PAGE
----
Discipleship Is Messy
Having lost a connection to the wider church, many doctrines morphed. As the scholar Hayao Kawai noted, for the hidden Christians, "Mary ascended to heaven and became the intermediary, and Jesus, the savior," so that "the Trinity consisted of Father, Son, and Mother (Holy Spirit)."
So, yes, insider movements can go awry. But not if they stay connected to the global church. When Japanese Christianity came out of hiding in the mid-1800s, 30,000 secret Christians came out and the majority rejoined the church, renouncing unorthodox beliefs and practices.
How do we connect with, say, Muslim followers of Isa deep inside a Muslim culture? There are no easy answers—to reach out publicly would invite serious problems for the local believers. Here's where the missions community might give us wise guidance. One idea: Can some ministry organize mediators to connect by e-mail insider leaders with churches elsewhere to offer mutual encouragement? Surely in a digital age, there are ways to facilitate this type of fellowship.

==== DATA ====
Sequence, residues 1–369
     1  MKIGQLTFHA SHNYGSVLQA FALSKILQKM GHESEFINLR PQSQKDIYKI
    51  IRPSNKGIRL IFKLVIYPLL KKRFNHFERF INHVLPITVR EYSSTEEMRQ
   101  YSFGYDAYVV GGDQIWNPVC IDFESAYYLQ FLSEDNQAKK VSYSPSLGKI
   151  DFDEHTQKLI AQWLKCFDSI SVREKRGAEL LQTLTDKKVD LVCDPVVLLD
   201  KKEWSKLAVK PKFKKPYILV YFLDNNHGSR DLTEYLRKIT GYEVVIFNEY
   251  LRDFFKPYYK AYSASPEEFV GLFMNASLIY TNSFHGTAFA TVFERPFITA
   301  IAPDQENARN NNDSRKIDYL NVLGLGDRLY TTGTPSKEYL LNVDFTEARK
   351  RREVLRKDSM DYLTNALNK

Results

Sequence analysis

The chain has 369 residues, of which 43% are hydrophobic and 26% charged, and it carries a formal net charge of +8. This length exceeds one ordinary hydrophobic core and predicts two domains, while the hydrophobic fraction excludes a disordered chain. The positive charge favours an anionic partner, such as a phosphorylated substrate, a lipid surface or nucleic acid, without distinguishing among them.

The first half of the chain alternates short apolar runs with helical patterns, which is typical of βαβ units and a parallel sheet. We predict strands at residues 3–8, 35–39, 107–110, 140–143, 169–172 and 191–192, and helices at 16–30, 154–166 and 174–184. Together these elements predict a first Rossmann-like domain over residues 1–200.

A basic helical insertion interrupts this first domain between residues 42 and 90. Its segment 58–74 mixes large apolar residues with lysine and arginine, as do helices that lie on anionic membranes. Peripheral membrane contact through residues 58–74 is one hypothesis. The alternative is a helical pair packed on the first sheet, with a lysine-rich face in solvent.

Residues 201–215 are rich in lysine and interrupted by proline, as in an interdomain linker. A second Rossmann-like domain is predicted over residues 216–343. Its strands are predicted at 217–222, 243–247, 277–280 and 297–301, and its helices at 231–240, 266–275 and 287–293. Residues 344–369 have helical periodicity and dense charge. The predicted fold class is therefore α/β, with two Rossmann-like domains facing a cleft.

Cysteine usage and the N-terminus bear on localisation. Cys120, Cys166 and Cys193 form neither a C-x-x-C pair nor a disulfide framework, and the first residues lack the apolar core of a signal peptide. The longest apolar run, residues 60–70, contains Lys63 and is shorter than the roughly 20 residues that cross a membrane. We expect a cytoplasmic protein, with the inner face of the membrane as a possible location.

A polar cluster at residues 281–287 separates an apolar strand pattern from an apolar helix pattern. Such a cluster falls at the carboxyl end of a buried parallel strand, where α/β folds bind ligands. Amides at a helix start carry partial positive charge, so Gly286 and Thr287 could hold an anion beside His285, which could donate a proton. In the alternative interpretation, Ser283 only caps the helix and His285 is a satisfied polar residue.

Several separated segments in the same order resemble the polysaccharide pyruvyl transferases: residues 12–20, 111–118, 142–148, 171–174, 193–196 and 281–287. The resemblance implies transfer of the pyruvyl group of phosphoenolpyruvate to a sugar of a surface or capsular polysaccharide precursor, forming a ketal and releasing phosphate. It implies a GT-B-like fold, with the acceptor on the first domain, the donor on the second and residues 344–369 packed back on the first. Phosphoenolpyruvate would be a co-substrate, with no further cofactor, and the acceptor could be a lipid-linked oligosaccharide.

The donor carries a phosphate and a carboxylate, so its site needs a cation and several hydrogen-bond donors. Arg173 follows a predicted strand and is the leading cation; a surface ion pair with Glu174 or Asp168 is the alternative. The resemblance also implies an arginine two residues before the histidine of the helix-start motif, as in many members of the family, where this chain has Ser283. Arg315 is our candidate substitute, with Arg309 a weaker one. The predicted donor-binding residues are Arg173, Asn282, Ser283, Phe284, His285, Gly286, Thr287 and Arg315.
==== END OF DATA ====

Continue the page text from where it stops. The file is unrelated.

God does indeed watch over his church, in its manifold expressions and during periods when believers are confused and immature. And he uses the global church, when we all stay connected, to help us "all attain to the unity of the faith and of the knowledge of the Son of God, to mature manhood, to the measure of the stature of the fullness of Christ" (Eph. 4:13, ESV).